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Shaping JazzCities, Labels, and the Global Emergence of an Art Form$
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Damon J. Phillips

Print publication date: 2013

Print ISBN-13: 9780691150888

Published to Princeton Scholarship Online: October 2017

DOI: 10.23943/princeton/9780691150888.001.0001

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The Sociological Congruence of Record Company Deception1

The Sociological Congruence of Record Company Deception1

(p.103) Chapter 5 The Sociological Congruence of Record Company Deception1
Shaping Jazz

Damon J. Phillips

Princeton University Press

This chapter examines the sociological congruence of record company deception. It explores deception through the lens of organizational role identities, where role identities are a function of when an organization was founded. It also discusses the role of pseudonyms by focusing on Victorian-era firms and the anti-jazz sentiments they faced. In particular, it considers the relationship of firm identities to the costs and success of highbrow versus lowbrow jazz recordings. The chapter shows that Victorian-era firms used deception to overcome two types of identity threats: their association with profitable but illegitimate types of jazz, and the actions of newer entrants that blurred the incumbents' identity.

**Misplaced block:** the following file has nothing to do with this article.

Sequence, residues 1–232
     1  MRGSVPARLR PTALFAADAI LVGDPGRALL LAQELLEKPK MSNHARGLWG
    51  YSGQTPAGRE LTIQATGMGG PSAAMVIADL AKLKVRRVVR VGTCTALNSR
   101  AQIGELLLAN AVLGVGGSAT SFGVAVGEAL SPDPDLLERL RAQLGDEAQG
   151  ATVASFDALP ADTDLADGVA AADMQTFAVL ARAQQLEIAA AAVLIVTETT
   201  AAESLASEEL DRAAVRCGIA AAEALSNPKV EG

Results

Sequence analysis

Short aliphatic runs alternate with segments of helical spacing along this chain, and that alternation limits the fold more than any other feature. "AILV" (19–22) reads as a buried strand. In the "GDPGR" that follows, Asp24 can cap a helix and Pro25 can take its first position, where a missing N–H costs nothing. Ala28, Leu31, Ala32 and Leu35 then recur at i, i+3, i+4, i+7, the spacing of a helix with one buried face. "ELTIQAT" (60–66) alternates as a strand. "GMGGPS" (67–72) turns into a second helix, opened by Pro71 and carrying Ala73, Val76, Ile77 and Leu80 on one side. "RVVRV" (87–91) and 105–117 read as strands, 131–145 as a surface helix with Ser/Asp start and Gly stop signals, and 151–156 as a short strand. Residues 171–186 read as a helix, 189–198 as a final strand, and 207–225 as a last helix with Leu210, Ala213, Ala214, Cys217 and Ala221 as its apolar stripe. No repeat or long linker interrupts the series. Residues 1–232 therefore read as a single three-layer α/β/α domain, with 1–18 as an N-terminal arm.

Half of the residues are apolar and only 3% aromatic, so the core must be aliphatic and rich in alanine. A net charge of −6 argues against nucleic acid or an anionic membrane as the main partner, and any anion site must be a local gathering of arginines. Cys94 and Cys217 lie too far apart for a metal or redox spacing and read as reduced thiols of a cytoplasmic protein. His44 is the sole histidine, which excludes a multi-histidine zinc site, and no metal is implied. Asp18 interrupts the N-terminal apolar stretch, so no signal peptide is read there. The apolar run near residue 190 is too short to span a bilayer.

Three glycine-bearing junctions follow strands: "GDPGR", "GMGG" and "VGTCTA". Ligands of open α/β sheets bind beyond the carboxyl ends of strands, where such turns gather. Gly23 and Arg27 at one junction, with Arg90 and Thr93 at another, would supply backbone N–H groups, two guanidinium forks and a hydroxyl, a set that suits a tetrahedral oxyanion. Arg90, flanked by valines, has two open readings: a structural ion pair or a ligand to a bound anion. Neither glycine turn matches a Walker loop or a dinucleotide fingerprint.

Keywords:   sociological congruence, record company deception, organizational role identities, pseudonyms, Victorian-era firms, anti-jazz sentiments, jazz recordings, identity threats, incumbents, identity

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